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Too much chop and change

I’s an expressway!  No, it’s an urban road network.  Wait, It was a road link, but now it will be an expressway.

Confusing?  Yes.  But more confusing are the decisions authorities take to ensure the 6.2-kilometre long double lane Babesa-Thimphu road is safe for motorists and pedestrians.

In the latest development, at least in planning and not actually on the road, the Thimphu thromde has decided to remove the 11 speed bumps that also serve as zebra crossings.  Underpasses will replace them.  To start with, they will construct four.

The road, whatever name it may be called by, is becoming an epitome of planning mix-ups in the capital.  In the late 1990s, the government came up with a plan to build a double lane road that would give a grand entry into the capital city. The Thimphu-Babesa road link was born.  It took more than a decade to complete the road.  There was no official opening, probably to spare the blushes.

More than a decade later, we are still technically building the road.  Officials may call it improvement, but if every other year there is something being done to the road, it shows it is still not complete.  The latest development comes soon after the thromde, already cash strapped, spent about Nu 2 million in building the 11 speed breakers cum zebra crossings.

The bumps and the zebra crossings were a mess even before being built.  The road safety authority announced that pedestrians crossing the road anywhere but from the zebra crossings would be penalised.  That was before the road was marked.  Some un-pleasantries were exchanged between the authorities.  The marking of zebra crossings and speed breakers was not done first before notifying people.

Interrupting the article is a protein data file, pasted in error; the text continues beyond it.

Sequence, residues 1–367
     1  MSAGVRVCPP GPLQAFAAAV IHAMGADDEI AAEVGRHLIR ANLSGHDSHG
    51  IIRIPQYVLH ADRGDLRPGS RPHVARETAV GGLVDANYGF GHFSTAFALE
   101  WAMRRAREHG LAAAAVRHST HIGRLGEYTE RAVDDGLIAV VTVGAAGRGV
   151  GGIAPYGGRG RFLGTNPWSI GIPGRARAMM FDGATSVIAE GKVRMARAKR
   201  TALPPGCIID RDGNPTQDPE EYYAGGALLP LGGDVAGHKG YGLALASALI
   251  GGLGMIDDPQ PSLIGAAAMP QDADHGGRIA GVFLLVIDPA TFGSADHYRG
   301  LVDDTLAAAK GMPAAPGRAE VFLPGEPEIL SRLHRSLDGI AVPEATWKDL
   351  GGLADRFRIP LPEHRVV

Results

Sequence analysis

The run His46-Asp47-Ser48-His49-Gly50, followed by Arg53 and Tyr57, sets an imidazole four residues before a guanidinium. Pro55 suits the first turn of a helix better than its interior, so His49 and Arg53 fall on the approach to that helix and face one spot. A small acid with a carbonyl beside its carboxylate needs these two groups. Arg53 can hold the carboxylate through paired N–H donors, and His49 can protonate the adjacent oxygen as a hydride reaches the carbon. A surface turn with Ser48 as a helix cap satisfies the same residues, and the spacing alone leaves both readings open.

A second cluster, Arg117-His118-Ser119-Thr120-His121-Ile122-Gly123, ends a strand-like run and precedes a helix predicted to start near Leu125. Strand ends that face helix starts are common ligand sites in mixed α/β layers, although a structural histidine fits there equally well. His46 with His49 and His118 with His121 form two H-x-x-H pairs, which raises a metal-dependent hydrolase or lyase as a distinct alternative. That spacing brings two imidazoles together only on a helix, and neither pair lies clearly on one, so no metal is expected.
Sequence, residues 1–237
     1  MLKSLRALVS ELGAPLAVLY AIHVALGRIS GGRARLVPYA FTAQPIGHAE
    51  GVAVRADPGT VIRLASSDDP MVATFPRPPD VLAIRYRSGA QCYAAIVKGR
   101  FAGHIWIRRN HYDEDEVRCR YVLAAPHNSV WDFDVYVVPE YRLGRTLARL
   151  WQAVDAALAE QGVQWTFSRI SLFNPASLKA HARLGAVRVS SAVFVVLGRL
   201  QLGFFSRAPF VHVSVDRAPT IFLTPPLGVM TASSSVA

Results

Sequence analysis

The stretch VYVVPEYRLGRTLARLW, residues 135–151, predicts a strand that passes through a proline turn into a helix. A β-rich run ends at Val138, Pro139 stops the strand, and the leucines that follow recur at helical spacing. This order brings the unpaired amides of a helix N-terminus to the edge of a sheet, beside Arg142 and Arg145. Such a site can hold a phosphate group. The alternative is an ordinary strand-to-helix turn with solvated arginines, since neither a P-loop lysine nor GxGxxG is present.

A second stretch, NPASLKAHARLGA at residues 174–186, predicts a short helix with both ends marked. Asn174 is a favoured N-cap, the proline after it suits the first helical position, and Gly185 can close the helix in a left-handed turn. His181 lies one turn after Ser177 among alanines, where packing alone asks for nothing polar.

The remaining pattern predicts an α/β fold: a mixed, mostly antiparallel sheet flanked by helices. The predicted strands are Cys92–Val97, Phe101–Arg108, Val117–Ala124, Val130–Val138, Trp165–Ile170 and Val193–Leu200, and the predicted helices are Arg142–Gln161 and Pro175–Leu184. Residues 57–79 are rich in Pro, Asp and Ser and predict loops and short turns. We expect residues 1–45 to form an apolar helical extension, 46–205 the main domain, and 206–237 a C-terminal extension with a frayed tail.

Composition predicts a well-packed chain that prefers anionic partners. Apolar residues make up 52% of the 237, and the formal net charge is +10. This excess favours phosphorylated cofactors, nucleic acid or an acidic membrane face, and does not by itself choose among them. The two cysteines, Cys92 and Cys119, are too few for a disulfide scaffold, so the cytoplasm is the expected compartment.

With Nu 2M, we could have bought a waste incinerator to get rid of another problem the thromde is choked with.  The construction company that built the speed breakers will have the last laugh if they get the contract to build the underpasses.

Hopefully, the decision to build the underpasses will be the final decision and solve the problem.  The thromde cannot be blamed for the mess.  They took charge of the road from the roads department only in 2011.  By then, it was already a minor disaster.

It is wiser to leave the planning part to experts, but what is clear is there should be one lasting solution.  We cannot keep on breaking down wire meshes to be replaced by concrete structures and bring them down again.  The priority is smooth flow of traffic and safety for pedestrians.  It is not rocket science and our planners and engineers are well exposed to learn all the experiences in making a 6-km road safe and smooth.

It has almost become a cliché to say that, as a late developer, we learn from other’s mistakes.  What do we make of ourselves when we make worse mistakes?  The priority today is to make the traffic smooth and safe.  Hopefully we will not have to close the underpasses and build overhead bridges next.

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